Unwrapping the Tricks and Treats of the 2013 October LSAT

The 2013 October LSAT was another one for the ages, dear readers.

Yesterday, LSAC released October LSAT scores, not mention the test itself. So now we can check our LSAT blog predictions and our 2013 October LSAT Instant Recap to see how well they captured the feel of the test.

First off, the 2013 October LSAT curve:

170 = -12
160 = -27
152 = -41

A pretty standard LSAT curve for a pretty standard LSAT. Our predictions were almost dead-on here; that’s what happens when you go with the average! This LSAT curve definitely reflects a relatively difficult first LSAT Reading Comprehension passage and a killer LSAT Logic Game, with an otherwise-standard difficulty.

In the spirit of Halloween, here are the Tricks and Treats from the Logical Reasoning section of the 2013 October LSAT:


1) The first 2013 October LSAT Logical Reasoning question was a Sufficient Assumption fill-in-the-blank question. Normally, this question structure is relegated to Soft Must Be True questions. Not so this time. However, once you figured out the question type, the question itself was fairly predictable.

2) We get yet another crazy astronomy question related to the origins of life on Earth. The answer this time? Space spores. These questions are arguing things so foreign to most test takers that it’s hard to just parse what’s going on. Difficult question.

3) As is seen from Trick #1, the prompts continue to get more difficult. While we didn’t see any new question types, we certainly saw some of the old stand-bys phrased in different ways. For instance, there was a doozy of a Parallel Flaw question that was phrased as a reduction ad absurdum argument.

4) Juarez and the Journals? Time-consuming and difficult. Definitely a hard Parallel question.

5) While diagramming is normal in Sufficient Assumption questions, the LSAT threw a question about dairy inspectors that involved quantified formal logic. That type of logic usually shows up in a Must Be True question, so it was tricky to deal with here. Combining “most” statements is difficult enough when they give you the premises; here, you had to work backwards and come up with the premise that would let you draw the conclusion.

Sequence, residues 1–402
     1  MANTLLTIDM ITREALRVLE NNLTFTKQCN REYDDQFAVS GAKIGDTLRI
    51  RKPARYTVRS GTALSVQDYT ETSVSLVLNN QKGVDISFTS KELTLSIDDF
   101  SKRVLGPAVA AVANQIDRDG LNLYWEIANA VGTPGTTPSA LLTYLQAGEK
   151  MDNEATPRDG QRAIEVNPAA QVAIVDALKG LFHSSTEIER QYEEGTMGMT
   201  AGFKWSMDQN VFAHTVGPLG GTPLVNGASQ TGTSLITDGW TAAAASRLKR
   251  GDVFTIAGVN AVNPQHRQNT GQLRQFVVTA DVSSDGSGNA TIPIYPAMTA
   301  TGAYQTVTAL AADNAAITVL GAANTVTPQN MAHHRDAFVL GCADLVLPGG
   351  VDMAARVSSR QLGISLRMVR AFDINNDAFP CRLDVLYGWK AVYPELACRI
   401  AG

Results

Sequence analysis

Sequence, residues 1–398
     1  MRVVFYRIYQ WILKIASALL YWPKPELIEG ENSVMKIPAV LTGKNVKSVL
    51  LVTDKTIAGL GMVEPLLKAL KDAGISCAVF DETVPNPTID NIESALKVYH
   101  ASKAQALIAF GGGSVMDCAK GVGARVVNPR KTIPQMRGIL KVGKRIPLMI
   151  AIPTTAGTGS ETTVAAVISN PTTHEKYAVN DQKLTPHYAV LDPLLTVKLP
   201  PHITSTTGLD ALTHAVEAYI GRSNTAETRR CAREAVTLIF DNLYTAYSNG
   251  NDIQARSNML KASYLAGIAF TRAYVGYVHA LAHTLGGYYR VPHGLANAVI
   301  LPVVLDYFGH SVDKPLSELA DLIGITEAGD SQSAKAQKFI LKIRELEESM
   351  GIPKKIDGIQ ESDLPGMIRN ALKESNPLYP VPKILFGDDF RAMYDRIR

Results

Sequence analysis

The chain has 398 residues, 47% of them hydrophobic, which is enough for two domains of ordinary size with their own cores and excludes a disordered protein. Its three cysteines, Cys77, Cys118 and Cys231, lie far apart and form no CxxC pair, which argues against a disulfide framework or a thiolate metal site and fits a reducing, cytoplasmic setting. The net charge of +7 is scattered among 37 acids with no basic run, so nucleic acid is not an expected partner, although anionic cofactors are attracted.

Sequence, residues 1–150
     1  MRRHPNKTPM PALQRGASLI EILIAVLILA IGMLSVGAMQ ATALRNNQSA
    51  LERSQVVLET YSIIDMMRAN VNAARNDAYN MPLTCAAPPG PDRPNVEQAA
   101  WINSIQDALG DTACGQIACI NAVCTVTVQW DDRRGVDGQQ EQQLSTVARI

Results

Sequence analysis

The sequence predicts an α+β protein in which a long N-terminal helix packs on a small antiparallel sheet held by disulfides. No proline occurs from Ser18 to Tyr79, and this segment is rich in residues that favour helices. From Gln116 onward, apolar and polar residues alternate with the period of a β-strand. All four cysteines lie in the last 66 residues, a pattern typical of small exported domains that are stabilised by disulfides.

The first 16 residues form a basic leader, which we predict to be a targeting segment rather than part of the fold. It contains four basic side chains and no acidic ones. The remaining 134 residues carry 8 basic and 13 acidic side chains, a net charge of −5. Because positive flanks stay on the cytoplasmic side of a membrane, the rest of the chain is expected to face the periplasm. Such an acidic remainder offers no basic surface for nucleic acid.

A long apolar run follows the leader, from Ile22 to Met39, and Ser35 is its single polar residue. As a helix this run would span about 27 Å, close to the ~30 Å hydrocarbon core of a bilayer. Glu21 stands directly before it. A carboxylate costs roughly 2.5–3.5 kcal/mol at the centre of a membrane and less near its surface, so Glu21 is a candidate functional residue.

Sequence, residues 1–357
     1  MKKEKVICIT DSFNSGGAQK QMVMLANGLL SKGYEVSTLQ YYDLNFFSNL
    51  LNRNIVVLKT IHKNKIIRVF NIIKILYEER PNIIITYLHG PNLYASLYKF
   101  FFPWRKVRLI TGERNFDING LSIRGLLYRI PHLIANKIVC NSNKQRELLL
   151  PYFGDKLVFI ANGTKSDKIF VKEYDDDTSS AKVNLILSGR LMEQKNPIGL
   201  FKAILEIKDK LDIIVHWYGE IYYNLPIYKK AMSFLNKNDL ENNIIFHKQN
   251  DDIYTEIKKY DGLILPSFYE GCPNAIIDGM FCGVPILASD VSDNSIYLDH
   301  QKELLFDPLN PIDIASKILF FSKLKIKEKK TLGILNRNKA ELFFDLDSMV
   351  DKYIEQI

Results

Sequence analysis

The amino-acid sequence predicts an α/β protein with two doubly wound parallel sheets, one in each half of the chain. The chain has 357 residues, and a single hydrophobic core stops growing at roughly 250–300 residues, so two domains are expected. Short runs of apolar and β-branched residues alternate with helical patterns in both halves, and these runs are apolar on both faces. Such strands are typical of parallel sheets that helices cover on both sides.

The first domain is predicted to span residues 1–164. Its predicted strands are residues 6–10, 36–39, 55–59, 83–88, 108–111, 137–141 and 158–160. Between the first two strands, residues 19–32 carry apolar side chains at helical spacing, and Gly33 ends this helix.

1) This was a treat for me, at least. Using a flaw question, the LSAT took Geico and Progressive ads down a peg or two. Of course the people who switch to Geico save money – they wouldn’t switch if they didn’t! That doesn’t mean everyone will be in that group. Thanks, LSAT, for making future lawyers more savvy consumers!

2) There were a couple softball Main Point questions, where the main point was just an opinion on the views of another group (“…but surely they must be wrong.”). This is a common question construct, and it’s good to see that it’s still worth a couple points.

3) After the killer Parallel question that was Juarez and the Journals, the 2013 October LSAT tossed an easy Parallel question at you in the second section. That halogen lamps stimulus had a bevy of quantifiers that could be used to quickly eliminate the wrong answer choices.

That sums up the good and the bad of the Logical Reasoning section on the 2013 October LSAT, but what about the overall trends?

First, Strengthen Principle questions (“Justification” questions to those of you who are using subpar, i.e. non-Blueprint LSAT Prep, study materials) were out in full force. I view this as a good thing. Once you get the strategy for them down, they’re extremely easy. Just find the answer that says, “If the premises of the argument are true, then the conclusion is true.”

Second, Must Be True questions made a strong comeback, taking top spot over Most Strongly Supported questions in the Implication Family. The trend towards Soft Must Be True questions seems to be breaking; most students prefer the certainty of MBT questions, so this is a good thing.

Third, hopping on the zombie trend, Agree/Disagree questions are coming back from the grave. There were a statistically-significant (I assume – I don’t know how to run those numbers) increase in these questions compared to recent LSATs.

Finally, the LSAT has been going full-on science mode with their topics for Logical Reasoning questions. Medicine, origin-of-life, and astronomy questions made up a ton of the section.


1) This sounds like the worst line-up of all time (Vegemite is a sandwich, not a band. And if you’re playing Australian rock, you better be Men at Work). However, the game itself was a very easy Ordering Game. The rule-replacement question at the end kicked it up a notch, but that’s about it.

2) This second game was a pretty easy In-and-Out Grouping game.

3) The killer game of the section, this combo game involved breaking the movies into different screens, then arranging them in order, with a few empty slots. Setting up each screen to have slots for 7, 8, and 9 (with some slots Xed out as empty) was important to track the ordering rules. Definitely the game most likely to trip people up.